DEARBORN, MI–Laid off Monday from his billing-manager position at Automatic Data Processing, Howard Pfaff reported that his exit interview with human-resources associate Lorraine Bochy "went pretty well."
"After getting the pink slip, I wasn't exactly looking forward to doing my exit interview," said Pfaff, 39, who had worked in ADP's billing-services department for 11 years before budget cuts eliminated his position. "But it actually wasn't that bad. Lorraine asked me all sorts of questions about my overall job satisfaction during my years with ADP and if there was anything I'd do different if I were the boss. I was afraid maybe she was going to criticize me, but all in all, it was pretty cordial."
Continued Pfaff: "Lorraine explained that exit interviews are an extremely valuable way for the company to determine what changes need to be made to improve the work environment for future employees. That made pretty good sense to me."
Also encouraging to the newly unemployed Pfaff was Bochy's "great regret" that the company had to let him go.
"She said it had nothing to do with my job performance, which, according to my file, rated either 'fair' or 'good' for every quarter since I was hired," said Pfaff, who had never met Bochy prior to the interview. "So that made me feel a little better, I guess."
Bochy informed Pfaff that the typed list of questions she held was "merely a launching point" and that the two could talk about whatever he wanted.
"I told Lorraine a few things but, to be honest, I didn't want to be too critical," Pfaff said. "Sure, there were a lot of things about working at ADP that I hadn't been too thrilled about, like the lack of inter-departmental communication and the frequent overtime, but I didn't really know if I should go into it. Especially since I'm still sort of hoping that maybe the budget cuts will be lifted and I'll get rehired."
According to Pfaff, the highlight of the exit interview was seeing his permanent employee file for the first time.
"That was kind of neat, to be able to see what's been in my secret file all these years," Pfaff said. "They had all this weird stuff in there, like a copy of my medical records. And a picture of me at a 1991 company picnic that must have been clipped out of the monthly newsletter. When I saw that, I was like, 'Huh.'"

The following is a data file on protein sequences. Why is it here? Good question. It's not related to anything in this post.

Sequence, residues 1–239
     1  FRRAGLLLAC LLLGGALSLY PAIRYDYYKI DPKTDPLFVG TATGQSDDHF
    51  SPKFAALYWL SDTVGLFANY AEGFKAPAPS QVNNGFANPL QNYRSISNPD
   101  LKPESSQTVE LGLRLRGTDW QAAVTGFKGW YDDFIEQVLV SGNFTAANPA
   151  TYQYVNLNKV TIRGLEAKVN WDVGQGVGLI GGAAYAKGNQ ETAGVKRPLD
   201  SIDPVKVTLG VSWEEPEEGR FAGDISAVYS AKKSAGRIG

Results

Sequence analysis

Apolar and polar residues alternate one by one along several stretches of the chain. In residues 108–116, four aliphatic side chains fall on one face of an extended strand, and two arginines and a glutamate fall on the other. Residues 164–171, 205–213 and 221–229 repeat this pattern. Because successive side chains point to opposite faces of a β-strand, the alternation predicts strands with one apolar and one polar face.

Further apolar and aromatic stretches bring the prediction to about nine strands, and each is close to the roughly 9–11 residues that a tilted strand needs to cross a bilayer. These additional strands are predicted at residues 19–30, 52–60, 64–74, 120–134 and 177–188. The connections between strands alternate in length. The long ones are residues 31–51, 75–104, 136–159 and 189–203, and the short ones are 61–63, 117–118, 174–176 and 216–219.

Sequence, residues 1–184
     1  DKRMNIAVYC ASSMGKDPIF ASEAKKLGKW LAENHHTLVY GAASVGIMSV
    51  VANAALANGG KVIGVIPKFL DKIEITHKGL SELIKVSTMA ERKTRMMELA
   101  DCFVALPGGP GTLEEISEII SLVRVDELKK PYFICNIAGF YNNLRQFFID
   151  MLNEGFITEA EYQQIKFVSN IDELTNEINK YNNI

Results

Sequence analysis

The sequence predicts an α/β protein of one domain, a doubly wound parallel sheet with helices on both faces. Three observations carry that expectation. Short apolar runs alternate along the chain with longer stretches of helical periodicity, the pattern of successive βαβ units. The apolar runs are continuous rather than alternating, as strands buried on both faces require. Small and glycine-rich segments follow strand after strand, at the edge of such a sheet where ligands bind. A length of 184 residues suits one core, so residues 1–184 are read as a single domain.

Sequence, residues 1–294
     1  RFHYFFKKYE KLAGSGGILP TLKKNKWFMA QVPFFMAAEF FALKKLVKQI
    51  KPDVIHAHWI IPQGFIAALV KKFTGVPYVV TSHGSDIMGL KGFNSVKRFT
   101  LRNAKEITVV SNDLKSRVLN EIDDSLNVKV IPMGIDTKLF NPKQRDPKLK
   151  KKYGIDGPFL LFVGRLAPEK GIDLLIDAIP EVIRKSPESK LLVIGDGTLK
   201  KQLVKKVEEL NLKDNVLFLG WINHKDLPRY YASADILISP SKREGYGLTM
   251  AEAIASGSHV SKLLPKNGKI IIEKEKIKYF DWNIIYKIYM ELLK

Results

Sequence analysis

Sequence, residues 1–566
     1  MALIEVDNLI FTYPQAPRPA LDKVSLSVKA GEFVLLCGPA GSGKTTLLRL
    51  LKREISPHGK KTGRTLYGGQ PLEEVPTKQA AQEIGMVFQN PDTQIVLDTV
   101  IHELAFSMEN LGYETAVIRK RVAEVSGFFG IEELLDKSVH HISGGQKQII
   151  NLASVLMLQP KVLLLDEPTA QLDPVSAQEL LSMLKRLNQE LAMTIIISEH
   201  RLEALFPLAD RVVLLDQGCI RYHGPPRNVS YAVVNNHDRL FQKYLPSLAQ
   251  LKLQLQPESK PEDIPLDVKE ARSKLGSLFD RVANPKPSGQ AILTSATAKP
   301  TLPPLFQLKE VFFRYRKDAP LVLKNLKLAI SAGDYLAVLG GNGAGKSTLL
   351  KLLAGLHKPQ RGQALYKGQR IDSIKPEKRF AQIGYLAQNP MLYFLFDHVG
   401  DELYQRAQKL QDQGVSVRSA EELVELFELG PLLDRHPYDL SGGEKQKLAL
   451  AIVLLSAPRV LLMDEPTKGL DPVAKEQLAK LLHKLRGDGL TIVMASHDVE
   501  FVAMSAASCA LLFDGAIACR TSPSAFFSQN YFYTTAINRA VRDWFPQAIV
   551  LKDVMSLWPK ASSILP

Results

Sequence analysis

Pfaff said he was even more interested in what wasn't in the file.
"I was afraid there was going to be some kind of mention of that one week last year when I got in late four days in a row because my car was at the mechanic," he said. "I remember that, at the time, I was really worried I'd get in trouble for that, but I couldn't find a single mention of it."
Pfaff said the file was not necessarily an accurate representation of his job performance, asserting that the best things he had done during his years with Automatic Data Processing were not included.
"There was a hand-written complaint in there saying that I'd been disturbing coworkers by playing my radio in my cubicle. That came as a total surprise to me, because no one ever once asked me to turn it down," Pfaff said. "As for my steady productivity over the years, there really wasn't any mention. I'd always assumed they kept track of how many accounts each one of us billing managers handled each month. I guess they don't."
In the final minutes of the interview, Bochy informed Pfaff that he could count on a good reference from the company, a subject Pfaff had been nervously anticipating.
"Lorraine said, 'I don't see any reason why you would receive a negative reference from anyone here at Automatic Data Processing. Unless, of course, there's something I don't know,'" Pfaff said. "I'm pretty sure that second part was meant to be a joke."
As Pfaff exited the ADP human-resources office, a smiling Bochy shook his hand and said, "Good luck, Howard."
"I guess there was nothing to be nervous about," Pfaff said. "Lorraine was really nice. She even said she hopes that someday in the future, we can work together again."